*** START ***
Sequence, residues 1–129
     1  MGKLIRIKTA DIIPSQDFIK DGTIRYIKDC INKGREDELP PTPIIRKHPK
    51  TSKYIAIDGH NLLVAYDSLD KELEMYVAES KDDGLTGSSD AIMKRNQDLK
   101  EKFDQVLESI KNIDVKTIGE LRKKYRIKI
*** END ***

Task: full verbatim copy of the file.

Sequence, residues 1–129
     1  MGKLIRIKTA DIIPSQDFIK DGTIRYIKDC INKGREDELP PTPIIRKHPK
    51  TSKYIAIDGH NLLVAYDSLD KELEMYVAES KDDGLTGSSD AIMKRNQDLK
   101  EKFDQVLESI KNIDVKTIGE LRKKYRIKI